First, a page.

View Full Version : normal map format

11-29-2011, 08:56 PM
What is the lightwave normal map format? I've done some searching, but the closest hint I've found is in the node editor documentation that seems to equate XYZ=RGB=HPB when cross-connecting nodes.

Another software package I am using can export normal maps in about 16 different formats and I need to know which one is appropriate for use in Lightwave.

For example two of the export formats are described as:
(Direct3D) R:X G:Y B:Z A:H
(OpenGL) R:X G:Y(inv) B:Z A:H (I presume that means Y is inverted)
I'm also assuming the H is height and A is alpha (the other package's documention is lacking).

The other options are various permutations on these parameters (and don't have names) with varying ranges. I'm also not sure if this other package is using a Y-up or a Z-up coordinate system or if its left or right-handed (or if that really matters for normal maps).

So, do normal maps assume the base is 0,0,0 and you're supposed to provide the coordinate of the other end of the normal vector, mapped into 0..255 somehow (0..255 is mapped into 0..1 or maybe -1..1 and then alpha/H is used to scale it)?

11-29-2011, 10:18 PM
LW uses the +X -Y +Z scheme. Normally you have to check the 'Invert Y' option for maps with +Y. 3D-Coat for example makes by detaulf +XYZ maps

Y is the Green grayscale channel. When you invert it, just like any grayscale image, the values flip. The middle value (128) remains more or less the same.

128 for Red (X) and Green (Y) Channels, and 255 for the Blue (Z) are the base values, hence that purpleish color of normal maps.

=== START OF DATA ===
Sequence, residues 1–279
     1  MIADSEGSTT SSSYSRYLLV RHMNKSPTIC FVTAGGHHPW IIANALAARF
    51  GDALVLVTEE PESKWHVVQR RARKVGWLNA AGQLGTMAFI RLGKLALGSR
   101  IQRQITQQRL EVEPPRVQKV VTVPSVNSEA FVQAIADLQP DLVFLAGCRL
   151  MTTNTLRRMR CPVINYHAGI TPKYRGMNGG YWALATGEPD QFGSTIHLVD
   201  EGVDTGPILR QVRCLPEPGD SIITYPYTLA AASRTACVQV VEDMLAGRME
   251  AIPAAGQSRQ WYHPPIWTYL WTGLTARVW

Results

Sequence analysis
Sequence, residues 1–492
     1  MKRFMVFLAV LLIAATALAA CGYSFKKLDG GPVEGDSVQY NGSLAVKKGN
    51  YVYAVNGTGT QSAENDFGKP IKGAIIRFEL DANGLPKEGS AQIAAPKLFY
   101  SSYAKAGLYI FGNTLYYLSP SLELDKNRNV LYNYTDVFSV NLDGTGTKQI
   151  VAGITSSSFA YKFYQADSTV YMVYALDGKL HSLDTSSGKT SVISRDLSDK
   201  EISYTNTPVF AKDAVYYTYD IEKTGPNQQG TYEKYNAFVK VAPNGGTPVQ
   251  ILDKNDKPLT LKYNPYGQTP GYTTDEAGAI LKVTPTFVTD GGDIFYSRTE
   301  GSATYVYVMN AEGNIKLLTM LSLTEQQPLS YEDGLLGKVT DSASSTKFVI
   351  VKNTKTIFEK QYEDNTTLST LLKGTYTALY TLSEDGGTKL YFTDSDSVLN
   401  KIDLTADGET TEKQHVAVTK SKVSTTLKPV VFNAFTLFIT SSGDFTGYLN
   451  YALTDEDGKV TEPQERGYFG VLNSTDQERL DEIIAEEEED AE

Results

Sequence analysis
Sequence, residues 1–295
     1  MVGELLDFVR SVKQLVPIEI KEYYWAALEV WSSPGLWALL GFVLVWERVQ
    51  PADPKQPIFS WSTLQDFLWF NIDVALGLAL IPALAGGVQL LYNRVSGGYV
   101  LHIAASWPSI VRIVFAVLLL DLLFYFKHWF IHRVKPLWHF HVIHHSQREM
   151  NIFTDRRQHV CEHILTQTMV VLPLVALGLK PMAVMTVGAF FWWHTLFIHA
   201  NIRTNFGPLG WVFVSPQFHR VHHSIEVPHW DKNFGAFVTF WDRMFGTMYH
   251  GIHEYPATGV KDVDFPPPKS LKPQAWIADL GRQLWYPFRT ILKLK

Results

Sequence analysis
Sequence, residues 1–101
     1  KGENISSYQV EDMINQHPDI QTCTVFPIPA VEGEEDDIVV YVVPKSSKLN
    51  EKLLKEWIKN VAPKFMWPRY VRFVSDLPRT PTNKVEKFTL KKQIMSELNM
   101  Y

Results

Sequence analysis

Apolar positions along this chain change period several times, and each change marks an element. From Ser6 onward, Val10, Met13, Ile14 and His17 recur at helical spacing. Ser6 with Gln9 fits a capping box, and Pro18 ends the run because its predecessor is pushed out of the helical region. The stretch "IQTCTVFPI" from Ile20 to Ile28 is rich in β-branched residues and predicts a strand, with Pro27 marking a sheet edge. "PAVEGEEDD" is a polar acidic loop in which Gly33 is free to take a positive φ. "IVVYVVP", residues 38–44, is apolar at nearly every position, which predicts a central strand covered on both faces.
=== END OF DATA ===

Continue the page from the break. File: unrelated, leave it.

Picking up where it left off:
These values are like 'Incidence' (black -> white)

Red: Left -> Right
Green: Bottom -> Up
Blue: facing sides -> facing you (just like Camera Incidence angle)

So you can even make Normal maps if you make 3 renders with the object mapped like that.

Having difficulty opening the link but this page helps alot (MAX also +X -Y +Z). Cheers

11-30-2011, 06:29 AM
I didn't know about the polycount wiki. Thanks for the link! Great resource!

11-30-2011, 06:50 PM
Yes thanks, that was a helpful reference.

However, I'm stuck. In the attached screenshot, the 3rd party app has convinced me I'm viewing an actual 3-dimensional object. Layout however is not. I have tried various things: and various versions of the 3rd party's normal export. I've tried inverting the various axes, one at a time, and in groups. I've tried massively exaggerating the height (in the normal node, and the bumpheight in the image node for the bumpmap). In the screenshot, everything is cubically mapped onto a rectangular cube.

With respect to whats pictured in the screenshot, I've tried connecting directly to the surface (not through Delta). I've tried hooking up bump and normal individually. I've tried the normalmap by itself on an otherwise plain surface (which makes it look like flat double-width planks). I've tried just the bump map, which is better than the normal map but still not very convincing.